Review: Miyabi

Japanese style gardens are an elegant form of art expression through nature. Everything is planned down to the last detail. In Miyabi, you’ll skillfully place stones, bushes, ponds, and pagodas on multiple levels within your garden to become the best garden designer of the season in this tile-laying game.

The Good

Polyomino Forgiveness (+8)

I’m normally not great at polyomino games but the fact that you can layer these tiles help a lot! In fact, the game actually does encourage you to cover up the tiles so you can get away with claiming that you did weird things intentionally for end game scoring. Honestly I would play this as a solo game if I could, since the tile drafting mechanic doesn’t clearly benefit those who try and deny tiles to other players. I appreciate this mainly because I’ve played other games in the past where the strategy can solely be about bringing the other person down quickly.

Pleasant Art (+6)

As would be expected from a gardening game, the art is aesthetically pleasing. The koi fish ponds and azalea bushes are easily my favorite, and the color palette is soft. Art perspective is from a bird’s eye view so not only do you get to create and design this garden but also survey it as its god — well, at least that’s how I felt.

Introduces Topography (+8)

One of the main satisfying puzzles that makes this game unique is understanding topography. Scoring favors higher terraces so it’s refreshing to be able to take advantage of 3D environments, and even at the end of the game you can view the garden in its entirety and several terraces that you spent the rounds trying to build. The game also hints strongly at aiming for a garden with height by adding topographical markings onto the player mat, in case you ever forget. Note that you do not need follow its placement verbatim but it does give a nice push towards scoring that way.

The Bad

Imbalance between In- and End- Game (-4)

It’s very clear after a few plays of this game that spending most of your time maintaining a garden that is not only full of flora and fauna but also tall is the key to victory. There is a section of in-game scoring that behaves like a race, so you could just go all in trying to fulfill one of those unique points and realize that the rest of the areas surrounding the tallest point are useless. Focusing solely on height is rewarding in the short term but long term planning is the win guarantee; this is especially true with the majority scoring for the types of flora and fauna in your garden. Because the relative face values of the in-game scores seem enticing and push you into the lead, you are falsely rewarded.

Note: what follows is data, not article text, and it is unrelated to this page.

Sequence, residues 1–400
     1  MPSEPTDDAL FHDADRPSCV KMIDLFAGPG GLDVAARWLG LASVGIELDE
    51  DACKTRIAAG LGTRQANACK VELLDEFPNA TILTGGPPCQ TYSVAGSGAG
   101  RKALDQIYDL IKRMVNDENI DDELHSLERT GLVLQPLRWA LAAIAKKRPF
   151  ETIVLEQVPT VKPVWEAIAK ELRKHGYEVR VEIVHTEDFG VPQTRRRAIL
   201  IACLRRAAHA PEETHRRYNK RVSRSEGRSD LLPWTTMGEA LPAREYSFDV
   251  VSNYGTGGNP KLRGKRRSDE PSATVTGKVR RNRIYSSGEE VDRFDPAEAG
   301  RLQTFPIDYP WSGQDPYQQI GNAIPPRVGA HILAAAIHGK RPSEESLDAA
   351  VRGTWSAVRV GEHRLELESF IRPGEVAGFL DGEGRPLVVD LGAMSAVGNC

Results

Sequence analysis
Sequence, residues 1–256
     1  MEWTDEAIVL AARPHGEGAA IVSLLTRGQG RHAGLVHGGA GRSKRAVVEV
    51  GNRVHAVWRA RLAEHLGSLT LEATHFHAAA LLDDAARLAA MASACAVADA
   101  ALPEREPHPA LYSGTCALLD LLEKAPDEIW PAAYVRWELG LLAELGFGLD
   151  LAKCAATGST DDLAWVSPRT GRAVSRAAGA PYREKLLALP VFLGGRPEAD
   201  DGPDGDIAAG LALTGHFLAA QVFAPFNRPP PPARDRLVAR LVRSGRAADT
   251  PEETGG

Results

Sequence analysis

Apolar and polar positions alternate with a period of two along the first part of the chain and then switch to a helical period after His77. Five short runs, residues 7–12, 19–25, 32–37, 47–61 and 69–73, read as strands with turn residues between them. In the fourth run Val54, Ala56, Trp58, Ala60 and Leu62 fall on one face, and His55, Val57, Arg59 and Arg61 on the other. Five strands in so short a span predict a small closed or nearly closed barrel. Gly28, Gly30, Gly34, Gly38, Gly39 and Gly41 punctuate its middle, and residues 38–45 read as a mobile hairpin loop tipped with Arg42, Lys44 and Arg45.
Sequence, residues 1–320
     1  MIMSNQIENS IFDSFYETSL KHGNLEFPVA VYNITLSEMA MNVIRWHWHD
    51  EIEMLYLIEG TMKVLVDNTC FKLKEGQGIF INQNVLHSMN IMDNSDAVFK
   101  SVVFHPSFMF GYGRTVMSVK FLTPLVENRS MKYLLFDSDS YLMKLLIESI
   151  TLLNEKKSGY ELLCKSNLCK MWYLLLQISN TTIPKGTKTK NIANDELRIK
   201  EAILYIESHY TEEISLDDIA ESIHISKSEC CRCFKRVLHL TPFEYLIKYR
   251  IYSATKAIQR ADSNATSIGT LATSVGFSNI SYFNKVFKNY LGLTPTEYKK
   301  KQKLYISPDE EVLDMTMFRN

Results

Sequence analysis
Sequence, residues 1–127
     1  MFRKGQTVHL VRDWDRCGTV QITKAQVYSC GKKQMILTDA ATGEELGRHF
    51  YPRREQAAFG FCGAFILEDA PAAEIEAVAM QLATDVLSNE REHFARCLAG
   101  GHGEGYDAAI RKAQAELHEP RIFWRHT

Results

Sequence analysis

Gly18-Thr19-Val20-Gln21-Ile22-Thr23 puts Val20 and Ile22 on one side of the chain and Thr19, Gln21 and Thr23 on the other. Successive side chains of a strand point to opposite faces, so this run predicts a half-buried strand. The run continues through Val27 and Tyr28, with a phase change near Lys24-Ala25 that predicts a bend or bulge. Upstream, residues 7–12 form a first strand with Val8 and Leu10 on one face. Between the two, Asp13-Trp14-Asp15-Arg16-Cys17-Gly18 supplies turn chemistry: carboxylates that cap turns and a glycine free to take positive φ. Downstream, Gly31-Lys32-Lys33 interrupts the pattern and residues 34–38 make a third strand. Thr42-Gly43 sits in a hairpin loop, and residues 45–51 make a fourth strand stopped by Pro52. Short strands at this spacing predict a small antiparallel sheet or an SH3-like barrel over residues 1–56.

Gameplay Favors Experience (-1)

If you weren’t intimidated by the new mechanics already, it gets worse: you won’t always have the best pick of tiles because the pieces for the market do not refresh until the end of the round after everyone chooses to build or pass. So if someone is just experienced and knows maybe even the availability and possibilities of the tiles with the symbols they are looking for, or even the likelihood of making their plan come together, you’ll be stomped.

Topographical and Placement Paralysis (-4)

Unfortunately you don’t notice the impact of the ranking end game scoring until much later, and by later I mean when you cannot undo the decisions you have already made. This is definitely a game that improves with more experience and more plays, so it doesn’t help for players that are used to making simple decisions in polyomino games to AP hard. If you start getting hung up on the terrace levels, that paralysis is guaranteed because you cross-check that against the tile drafting and start reviewing other gardens, trying to math out the best 1) draft and 2) placement. The organizational restrictions of what kinds of objects can be in which row is already difficult when trying to stay within the confines of the square you have in front of you, let alone possibly realizing that all that time you spent maneuvering, flipping, spinning that piece you cannot even put the piece down because you’ve already interacted with that column (i.e. the lantern is blocking you).

The Ugly

Important but Tiny Graphics (-1)

Hard to see at first how many of a thing existed, and sometimes you have to re-count how many items by how many levels a placement has been in. The difficulty seeing mostly applies to the koi, which are tiny little slivers in larger pools. I suppose the game makes up for this annoyance by scaling down the end game scoring?

Lantern Housekeeping (-3)

Lanterns are very important because they control where you can build out more of the garden but require a bit of house keeping every building round. Opponents can get a little lawyery if you are not on top of this or are all in agreement (or focused on the rules of house keeping for them) on how to indicate a column has been used already. To be honest I don’t have a solution for this because the game would be so messy and ugly if you had something to indicate an entire column was off limits without having to look all the way up and all the way down again.

Topographical Counting (-2)

Counting how many levels you have built is difficult if you’re starting to cluster your tall mountains into tall rolling hills. Arguably you can use some relative location to deduce this but if you’re trying to be precise you may need to cause a little destruction to count the layers. I’m not very good at relative height analysis (i.e. if the surrounding areas I can confirm at level 2 then this must be a level 4) so I had to kind of destroy my layers every time.

Difficulty: 2/5 for Advanced
Satisfaction Grade: C (76.0%) for Good
Worth Your Money? Yes.